Such examples are only the beginning, said Gwynne Kostin, director of the General Services Administration's Digital Services Innovation Center. As agencies get better blends of data and the tools for sharing them, "it's going to be huge," she said. "I'm not going to speculate on what they are, other than I think they're going to be amazing."

The fundamentals

On May 9, Obama issued an executive order declaring "open and machine-readable data" as the new default for agencies and citing government efficiency as a goal. The OMB memo accompanying the order goes further, stating that "whether or not particular information can be made public, agencies can apply this framework to all information resources to promote efficiency and produce value."

The OMB memo also clarifies just what counts as open data (see "What makes data open?"), which can help agencies assess data sources in addition to improving their own.

At a fundamental level, however, open data is not terribly different from the highly siloed datasets of old. To put information to good use, it must be properly and consistently formatted, accurate and reliable, and relevant to the mission in question. The real change is one of mind-set, meaning decision-makers need to learn to look to others for data that could push a project forward.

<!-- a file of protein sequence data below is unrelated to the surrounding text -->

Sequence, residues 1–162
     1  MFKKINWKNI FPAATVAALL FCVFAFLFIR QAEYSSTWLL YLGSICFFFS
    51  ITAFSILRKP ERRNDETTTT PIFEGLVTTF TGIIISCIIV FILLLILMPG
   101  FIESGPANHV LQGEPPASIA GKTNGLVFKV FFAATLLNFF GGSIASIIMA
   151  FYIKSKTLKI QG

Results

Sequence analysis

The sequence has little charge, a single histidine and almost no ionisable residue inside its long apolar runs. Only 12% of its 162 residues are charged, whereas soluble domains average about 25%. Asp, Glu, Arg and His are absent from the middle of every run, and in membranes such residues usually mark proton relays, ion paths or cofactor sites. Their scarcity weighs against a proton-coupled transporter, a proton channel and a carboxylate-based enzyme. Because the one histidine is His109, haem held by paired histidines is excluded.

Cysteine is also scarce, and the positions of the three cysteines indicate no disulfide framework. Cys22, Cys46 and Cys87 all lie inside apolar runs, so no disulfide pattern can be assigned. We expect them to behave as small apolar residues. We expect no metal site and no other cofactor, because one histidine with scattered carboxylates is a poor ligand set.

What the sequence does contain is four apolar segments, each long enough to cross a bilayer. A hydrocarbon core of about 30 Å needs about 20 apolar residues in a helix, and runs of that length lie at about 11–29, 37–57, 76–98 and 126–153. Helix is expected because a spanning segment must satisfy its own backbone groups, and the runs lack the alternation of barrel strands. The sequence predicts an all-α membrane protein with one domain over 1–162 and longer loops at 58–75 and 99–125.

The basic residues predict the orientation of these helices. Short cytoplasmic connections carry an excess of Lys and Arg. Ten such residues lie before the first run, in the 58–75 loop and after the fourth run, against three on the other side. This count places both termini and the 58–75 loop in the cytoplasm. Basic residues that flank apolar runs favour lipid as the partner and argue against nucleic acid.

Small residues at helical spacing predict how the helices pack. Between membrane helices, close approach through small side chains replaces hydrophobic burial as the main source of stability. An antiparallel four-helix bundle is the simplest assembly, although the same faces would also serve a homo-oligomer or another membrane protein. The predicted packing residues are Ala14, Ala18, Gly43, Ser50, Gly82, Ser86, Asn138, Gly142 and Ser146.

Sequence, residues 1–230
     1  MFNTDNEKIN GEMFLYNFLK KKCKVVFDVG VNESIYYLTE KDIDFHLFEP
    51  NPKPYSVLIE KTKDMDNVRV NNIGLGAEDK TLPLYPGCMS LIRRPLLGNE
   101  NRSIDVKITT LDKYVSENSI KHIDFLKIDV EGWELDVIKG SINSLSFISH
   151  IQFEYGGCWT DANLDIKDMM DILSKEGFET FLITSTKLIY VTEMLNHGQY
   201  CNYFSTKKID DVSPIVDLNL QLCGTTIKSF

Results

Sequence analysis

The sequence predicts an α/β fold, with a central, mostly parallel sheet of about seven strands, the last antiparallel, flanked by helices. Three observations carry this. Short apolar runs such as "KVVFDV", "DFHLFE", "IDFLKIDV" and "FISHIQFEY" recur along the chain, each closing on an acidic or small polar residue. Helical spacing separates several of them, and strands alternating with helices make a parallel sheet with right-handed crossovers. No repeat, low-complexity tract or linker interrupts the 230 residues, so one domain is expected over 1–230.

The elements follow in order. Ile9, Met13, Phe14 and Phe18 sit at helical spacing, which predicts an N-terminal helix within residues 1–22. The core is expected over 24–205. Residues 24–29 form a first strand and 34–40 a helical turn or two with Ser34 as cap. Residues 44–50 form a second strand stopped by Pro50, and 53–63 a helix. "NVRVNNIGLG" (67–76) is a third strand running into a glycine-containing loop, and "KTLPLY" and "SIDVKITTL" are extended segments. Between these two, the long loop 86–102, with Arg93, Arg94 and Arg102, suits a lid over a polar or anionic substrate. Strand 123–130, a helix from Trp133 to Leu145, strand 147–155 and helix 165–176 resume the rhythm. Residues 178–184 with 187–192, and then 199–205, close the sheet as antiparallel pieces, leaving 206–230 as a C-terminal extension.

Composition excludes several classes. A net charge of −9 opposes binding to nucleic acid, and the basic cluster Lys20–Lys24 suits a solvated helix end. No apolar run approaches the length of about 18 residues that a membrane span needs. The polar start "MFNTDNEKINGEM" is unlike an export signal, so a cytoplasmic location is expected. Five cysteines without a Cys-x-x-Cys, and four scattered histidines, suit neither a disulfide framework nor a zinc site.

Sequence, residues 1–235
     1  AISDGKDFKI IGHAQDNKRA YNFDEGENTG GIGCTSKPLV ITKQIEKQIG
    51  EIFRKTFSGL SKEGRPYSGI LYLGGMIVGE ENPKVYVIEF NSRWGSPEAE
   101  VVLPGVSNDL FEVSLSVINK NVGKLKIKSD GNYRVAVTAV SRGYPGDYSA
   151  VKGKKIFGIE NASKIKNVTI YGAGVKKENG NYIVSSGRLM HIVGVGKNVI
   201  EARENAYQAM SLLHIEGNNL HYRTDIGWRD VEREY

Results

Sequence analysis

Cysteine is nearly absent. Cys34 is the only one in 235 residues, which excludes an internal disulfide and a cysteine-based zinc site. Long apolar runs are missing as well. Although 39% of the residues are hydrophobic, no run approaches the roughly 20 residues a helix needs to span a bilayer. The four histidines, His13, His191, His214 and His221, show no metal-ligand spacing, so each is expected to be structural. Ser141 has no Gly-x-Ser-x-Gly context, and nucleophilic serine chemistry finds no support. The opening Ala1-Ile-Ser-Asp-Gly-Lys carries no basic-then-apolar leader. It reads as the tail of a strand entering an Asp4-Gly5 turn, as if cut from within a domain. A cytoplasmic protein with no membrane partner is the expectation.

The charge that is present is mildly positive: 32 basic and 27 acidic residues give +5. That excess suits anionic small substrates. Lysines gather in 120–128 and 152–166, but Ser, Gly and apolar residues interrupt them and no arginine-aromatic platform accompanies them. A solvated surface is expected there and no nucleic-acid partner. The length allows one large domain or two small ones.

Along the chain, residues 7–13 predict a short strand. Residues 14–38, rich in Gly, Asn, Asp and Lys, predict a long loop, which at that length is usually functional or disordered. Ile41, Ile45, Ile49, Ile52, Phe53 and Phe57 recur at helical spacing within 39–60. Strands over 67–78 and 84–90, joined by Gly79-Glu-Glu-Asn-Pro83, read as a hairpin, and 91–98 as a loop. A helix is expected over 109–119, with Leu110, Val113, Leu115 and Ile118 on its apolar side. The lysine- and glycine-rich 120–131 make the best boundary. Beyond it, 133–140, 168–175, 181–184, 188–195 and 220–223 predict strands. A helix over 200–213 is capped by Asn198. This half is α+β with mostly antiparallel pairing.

"It's actually very hard to find examples" of agencies incorporating others' open data, "although it isn't really hard to find the opportunities," said Seabourne CEO Mike Reich, who has worked with the FCC and Commerce on data-management projects.

The hurdles

The challenges go beyond old habits and parochial attitudes. "So much of what the agencies have is really interesting information" but it has personally identifiable information, Reich said. "Obviously, you can't release PII to the public."

So even if open doesn't mean public, as VanRoekel stressed in a May 15 interview with FCW, agencies must still navigate important privacy concerns as they seek to use other departments' data — and must coordinate with one another directly rather than simply plugging into public application programming interfaces (APIs) or downloading from Data.gov.

The new open-data policy, in fact, explicitly warns of the "mosaic effect" in data aggregation and stresses the need for agencies to ensure that datasets that seem scrubbed of PII will not compromise privacy when combined with other data.

"You now have a privacy protection responsibility as the recipient" of the data, said Michael Howell, deputy program manager for the Information Sharing Environment. "The mosaic effect is actually a sort of inherited risk."

Another challenge involves the underlying data-management tools. David McClure, associate administrator of GSA's Office of Citizen Services and Innovative Technologies, said that although the push for more APIs is helping, "so much valuable data within agencies is still locked up in business analytics systems."

"We're not there yet," McClure said. "We're still enabling the databases. But I think it'll enrich the internal information in the agencies, at least as much as the [outside] developer community."

Jeanne Holm, GSA's Data.gov evangelist, agreed. It will move "a little bit slowly over the next few months," she said, but as agencies begin to "implement things like data catalogs and e-guides, we'll start to see an explosion."